Ministry of Earth Sciences

Possibilities are being explored to take up a pilot study on earthquake early warning system in collaboration with United States Geological Survey

It is planned to strengthen the existing National Seismological Network with additional 35 field stations during 2021-22, thus making it to 150

Posted On: 05 FEB 2021 7:21PM by PIB Delhi

RESEARCH ON EARTHQUAKES

National Centre for Seismology (NCS), under the Ministry of Earth Sciences (MoES), maintains a nation-wide seismological network comprising of 115 seismic stations to monitor the earthquake activity in and around the country. During the last year (1st January 2020 to 31st December 2020), a total of 965 earthquakes with magnitude 3 and above have been reported by NCS. Out of which, 13 earthquakes were recorded in National Capital Region (NCR) and its vicinity.

NCS has initiated Magnetotelluric geophysical survey, interpretation of satellite imageries and geological field investigations in Delhi and surroundings in collaboration with Wadia Institute of Himalayan Geology, Dehradun and Indian Institute of Technology Kanpur. The purpose of these studies is to locate and characterize the major seismic sources/fault lines in Delhi and surroundings.

The whole country has been divided into four zones viz. zone V, IV, III and II according to the seismic zoning map of India prepared by Bureau of Indian Standards (BIS) based on the historical seismicity and strong ground motions. Out of these zones, Zone V exhibits the highest seismic risk and zone II has the least. Details of states and areas in the country falling in different seismic zones (based on seismic zoning map of India) are given below:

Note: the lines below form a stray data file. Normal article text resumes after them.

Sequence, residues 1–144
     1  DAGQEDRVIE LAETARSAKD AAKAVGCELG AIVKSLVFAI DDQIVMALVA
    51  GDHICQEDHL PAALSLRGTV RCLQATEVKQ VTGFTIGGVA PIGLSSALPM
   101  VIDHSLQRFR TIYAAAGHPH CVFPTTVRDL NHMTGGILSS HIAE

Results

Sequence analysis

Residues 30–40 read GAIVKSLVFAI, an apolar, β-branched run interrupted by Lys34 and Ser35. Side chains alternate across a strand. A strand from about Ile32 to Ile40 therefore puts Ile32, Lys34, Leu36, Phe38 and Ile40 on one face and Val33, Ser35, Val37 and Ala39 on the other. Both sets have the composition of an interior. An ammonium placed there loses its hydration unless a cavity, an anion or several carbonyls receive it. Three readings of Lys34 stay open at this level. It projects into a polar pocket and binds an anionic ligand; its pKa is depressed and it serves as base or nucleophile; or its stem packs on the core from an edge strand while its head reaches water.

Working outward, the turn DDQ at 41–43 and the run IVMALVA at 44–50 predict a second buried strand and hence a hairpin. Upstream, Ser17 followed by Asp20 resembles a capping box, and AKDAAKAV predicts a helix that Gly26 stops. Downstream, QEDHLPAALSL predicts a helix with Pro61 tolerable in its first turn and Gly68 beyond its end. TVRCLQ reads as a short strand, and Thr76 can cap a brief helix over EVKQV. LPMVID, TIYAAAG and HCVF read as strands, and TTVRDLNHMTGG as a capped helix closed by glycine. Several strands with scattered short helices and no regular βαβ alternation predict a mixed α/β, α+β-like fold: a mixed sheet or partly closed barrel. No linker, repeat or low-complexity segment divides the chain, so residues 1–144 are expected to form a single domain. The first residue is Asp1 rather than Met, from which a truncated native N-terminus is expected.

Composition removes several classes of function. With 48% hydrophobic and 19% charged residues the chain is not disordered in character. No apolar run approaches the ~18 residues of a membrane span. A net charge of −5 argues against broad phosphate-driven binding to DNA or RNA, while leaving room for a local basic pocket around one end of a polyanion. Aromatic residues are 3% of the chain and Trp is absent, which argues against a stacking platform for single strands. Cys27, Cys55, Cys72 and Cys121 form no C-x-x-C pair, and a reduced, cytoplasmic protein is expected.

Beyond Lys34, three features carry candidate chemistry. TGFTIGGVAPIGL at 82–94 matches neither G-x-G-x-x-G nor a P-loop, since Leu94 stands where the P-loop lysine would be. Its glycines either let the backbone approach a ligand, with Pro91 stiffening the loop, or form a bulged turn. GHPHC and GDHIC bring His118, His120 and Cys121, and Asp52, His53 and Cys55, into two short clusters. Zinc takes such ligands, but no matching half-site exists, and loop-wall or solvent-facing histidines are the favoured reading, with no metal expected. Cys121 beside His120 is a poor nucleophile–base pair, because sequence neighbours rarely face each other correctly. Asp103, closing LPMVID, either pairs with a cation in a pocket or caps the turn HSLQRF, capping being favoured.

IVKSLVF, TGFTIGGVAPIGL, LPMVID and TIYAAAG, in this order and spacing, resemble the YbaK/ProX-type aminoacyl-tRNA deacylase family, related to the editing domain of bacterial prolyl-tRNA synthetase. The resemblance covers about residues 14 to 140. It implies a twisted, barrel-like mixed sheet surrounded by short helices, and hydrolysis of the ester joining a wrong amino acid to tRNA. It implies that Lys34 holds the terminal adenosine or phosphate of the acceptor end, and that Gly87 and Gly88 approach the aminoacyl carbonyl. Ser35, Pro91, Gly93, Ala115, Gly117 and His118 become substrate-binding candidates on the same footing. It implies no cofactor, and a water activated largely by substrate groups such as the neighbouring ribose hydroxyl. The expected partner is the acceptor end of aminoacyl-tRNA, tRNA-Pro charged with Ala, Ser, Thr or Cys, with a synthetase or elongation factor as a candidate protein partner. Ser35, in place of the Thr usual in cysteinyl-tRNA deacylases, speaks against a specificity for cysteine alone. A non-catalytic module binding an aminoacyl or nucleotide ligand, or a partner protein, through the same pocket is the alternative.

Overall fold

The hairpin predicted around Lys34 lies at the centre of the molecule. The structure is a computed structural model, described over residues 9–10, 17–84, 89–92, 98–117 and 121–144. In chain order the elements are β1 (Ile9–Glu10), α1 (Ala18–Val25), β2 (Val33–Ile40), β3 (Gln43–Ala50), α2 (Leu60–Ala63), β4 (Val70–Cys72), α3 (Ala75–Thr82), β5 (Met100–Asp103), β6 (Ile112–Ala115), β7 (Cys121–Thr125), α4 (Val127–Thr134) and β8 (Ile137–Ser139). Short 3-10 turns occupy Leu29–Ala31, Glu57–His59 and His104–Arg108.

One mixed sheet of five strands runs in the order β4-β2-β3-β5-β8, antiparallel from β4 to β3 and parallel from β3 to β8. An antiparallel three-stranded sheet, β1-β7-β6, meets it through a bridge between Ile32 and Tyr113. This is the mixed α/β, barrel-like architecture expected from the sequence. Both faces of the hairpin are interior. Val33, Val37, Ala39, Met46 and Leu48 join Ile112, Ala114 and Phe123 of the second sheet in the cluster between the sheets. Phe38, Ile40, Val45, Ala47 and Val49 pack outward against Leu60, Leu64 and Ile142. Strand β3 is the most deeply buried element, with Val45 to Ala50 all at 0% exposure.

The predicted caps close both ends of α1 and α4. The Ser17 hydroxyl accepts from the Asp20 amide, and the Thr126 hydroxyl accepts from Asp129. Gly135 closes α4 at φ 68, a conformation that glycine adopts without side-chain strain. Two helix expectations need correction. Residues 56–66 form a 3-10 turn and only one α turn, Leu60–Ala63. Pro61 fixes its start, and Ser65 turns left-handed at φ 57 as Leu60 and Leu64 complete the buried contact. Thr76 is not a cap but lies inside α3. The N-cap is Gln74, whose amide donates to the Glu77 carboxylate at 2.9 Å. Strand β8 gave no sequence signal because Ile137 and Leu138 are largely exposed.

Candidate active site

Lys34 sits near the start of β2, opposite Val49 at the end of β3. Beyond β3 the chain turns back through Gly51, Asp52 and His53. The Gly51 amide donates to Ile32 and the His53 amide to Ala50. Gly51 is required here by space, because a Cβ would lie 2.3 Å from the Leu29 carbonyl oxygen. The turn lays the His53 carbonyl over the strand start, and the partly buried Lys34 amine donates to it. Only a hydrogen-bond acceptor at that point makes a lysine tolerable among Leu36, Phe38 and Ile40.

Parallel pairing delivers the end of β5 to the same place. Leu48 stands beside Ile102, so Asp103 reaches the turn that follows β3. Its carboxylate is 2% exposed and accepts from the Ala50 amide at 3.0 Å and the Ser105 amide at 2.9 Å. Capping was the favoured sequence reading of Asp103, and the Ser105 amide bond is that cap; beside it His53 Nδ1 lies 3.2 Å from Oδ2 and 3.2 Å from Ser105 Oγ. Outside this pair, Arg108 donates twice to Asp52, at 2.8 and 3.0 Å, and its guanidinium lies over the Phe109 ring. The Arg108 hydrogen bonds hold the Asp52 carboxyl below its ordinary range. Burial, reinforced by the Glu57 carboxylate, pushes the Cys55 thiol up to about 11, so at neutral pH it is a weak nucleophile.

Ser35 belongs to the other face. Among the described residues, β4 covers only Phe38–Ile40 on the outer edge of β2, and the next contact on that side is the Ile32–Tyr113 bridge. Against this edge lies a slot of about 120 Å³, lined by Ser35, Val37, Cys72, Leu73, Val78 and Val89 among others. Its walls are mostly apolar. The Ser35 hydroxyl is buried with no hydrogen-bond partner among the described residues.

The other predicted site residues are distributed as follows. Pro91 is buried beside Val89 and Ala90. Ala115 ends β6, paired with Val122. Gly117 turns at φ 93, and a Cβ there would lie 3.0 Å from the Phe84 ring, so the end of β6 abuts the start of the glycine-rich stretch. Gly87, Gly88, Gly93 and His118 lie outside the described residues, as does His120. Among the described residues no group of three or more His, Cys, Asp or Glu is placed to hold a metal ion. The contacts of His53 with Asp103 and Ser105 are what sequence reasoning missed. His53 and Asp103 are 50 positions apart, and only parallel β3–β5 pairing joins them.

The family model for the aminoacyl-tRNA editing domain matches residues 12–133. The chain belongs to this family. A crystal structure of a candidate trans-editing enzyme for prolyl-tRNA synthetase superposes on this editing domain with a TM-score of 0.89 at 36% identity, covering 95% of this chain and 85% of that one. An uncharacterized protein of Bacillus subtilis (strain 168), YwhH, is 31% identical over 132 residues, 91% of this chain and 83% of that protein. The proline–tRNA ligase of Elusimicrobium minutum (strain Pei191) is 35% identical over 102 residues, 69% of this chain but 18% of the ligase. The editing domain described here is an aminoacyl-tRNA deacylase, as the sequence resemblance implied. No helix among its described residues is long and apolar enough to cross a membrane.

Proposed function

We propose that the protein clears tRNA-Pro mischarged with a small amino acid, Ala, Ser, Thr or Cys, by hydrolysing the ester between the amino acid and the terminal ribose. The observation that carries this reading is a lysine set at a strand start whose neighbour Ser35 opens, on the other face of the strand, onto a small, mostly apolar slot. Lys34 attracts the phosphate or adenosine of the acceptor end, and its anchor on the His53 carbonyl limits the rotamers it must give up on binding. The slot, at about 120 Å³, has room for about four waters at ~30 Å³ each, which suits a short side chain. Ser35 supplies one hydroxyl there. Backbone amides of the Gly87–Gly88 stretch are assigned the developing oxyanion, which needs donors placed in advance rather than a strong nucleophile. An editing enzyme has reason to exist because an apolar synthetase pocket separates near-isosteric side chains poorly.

Zone V: Parts of Jammu and Kashmir (Kashmir valley); Western part of Himachal Pradesh; Eastern part of Uttarakhand, Kutch in Gujarat; part of Northern Bihar; all northeastern states of India and Andaman & Nicobar Islands.

Zone IV: Ladakh; Remaining parts of Jammu & Kashmir, Himachal Pradesh and Uttarakhand; Some parts of Haryana, Parts of Punjab; Delhi; Sikkim; northern part of Uttar Pradesh; small portions of Bihar and West Bengal; parts of Gujarat and small portions of Maharashtra near the west coast and small part of western Rajasthan.

Zone III: Kerala; Goa; Lakshadweep islands; parts of Uttar Pradesh and Haryana; remaining parts of Gujarat and Punjab; parts of West Bengal, western Rajasthan, Madhya Pradesh; remaining part of Bihar; northern parts of Jharkhand and Chhattisgarh; parts of Maharashtra, Odisha, Andhra Pradesh, Telangana, Tamilnadu and Karnataka.

Zone II: Remaining parts of Rajasthan, Uttar Pradesh, Gujarat, Haryana, Madhya Pradesh, Maharashtra, Odisha, Andhra Pradesh, Telangana, Karnataka and Tamilnadu.

It is planned to strengthen the existing National Seismological Network with additional 35 field stations during 2021-22, thus making it to 150. This will help in detection of smaller earthquakes in selected locations.

Presently, no proven system is available in the country to provide the early warning of earthquakes. However, possibilities are being explored to take up a pilot study on earthquake early warning system in collaboration with United States Geological Survey.

This information was given by the Minister of Science & Technology, Earth Sciences and Health & Family Welfare, Dr. Harsh Vardhan in the Lok Sabha today.

 

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NB/KGS/(LSQ-758)



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